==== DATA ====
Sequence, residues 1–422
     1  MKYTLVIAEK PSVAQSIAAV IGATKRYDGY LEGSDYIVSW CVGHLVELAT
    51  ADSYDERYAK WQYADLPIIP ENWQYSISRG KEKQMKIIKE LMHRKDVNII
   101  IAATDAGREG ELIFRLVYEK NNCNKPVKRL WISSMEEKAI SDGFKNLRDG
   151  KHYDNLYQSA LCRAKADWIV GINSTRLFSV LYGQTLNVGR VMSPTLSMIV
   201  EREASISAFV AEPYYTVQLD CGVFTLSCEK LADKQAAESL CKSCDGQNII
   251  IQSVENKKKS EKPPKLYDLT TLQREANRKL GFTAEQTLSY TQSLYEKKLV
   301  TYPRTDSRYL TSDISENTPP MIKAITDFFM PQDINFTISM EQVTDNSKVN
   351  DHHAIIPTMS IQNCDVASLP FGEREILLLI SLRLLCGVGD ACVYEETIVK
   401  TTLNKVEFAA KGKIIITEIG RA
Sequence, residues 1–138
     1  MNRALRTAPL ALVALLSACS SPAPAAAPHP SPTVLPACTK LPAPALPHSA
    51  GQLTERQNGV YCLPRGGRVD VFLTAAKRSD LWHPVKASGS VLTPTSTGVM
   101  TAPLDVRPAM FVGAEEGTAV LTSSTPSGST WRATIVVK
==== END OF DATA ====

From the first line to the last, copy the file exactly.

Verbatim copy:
Sequence, residues 1–422
     1  MKYTLVIAEK PSVAQSIAAV IGATKRYDGY LEGSDYIVSW CVGHLVELAT
    51  ADSYDERYAK WQYADLPIIP ENWQYSISRG KEKQMKIIKE LMHRKDVNII
   101  IAATDAGREG ELIFRLVYEK NNCNKPVKRL WISSMEEKAI SDGFKNLRDG
   151  KHYDNLYQSA LCRAKADWIV GINSTRLFSV LYGQTLNVGR VMSPTLSMIV
   201  EREASISAFV AEPYYTVQLD CGVFTLSCEK LADKQAAESL CKSCDGQNII
   251  IQSVENKKKS EKPPKLYDLT TLQREANRKL GFTAEQTLSY TQSLYEKKLV
   301  TYPRTDSRYL TSDISENTPP MIKAITDFFM PQDINFTISM EQVTDNSKVN
   351  DHHAIIPTMS IQNCDVASLP FGEREILLLI SLRLLCGVGD ACVYEETIVK
   401  TTLNKVEFAA KGKIIITEIG RA
Sequence, residues 1–138
     1  MNRALRTAPL ALVALLSACS SPAPAAAPHP SPTVLPACTK LPAPALPHSA
    51  GQLTERQNGV YCLPRGGRVD VFLTAAKRSD LWHPVKASGS VLTPTSTGVM
   101  TAPLDVRPAM FVGAEEGTAV LTSSTPSGST WRATIVVK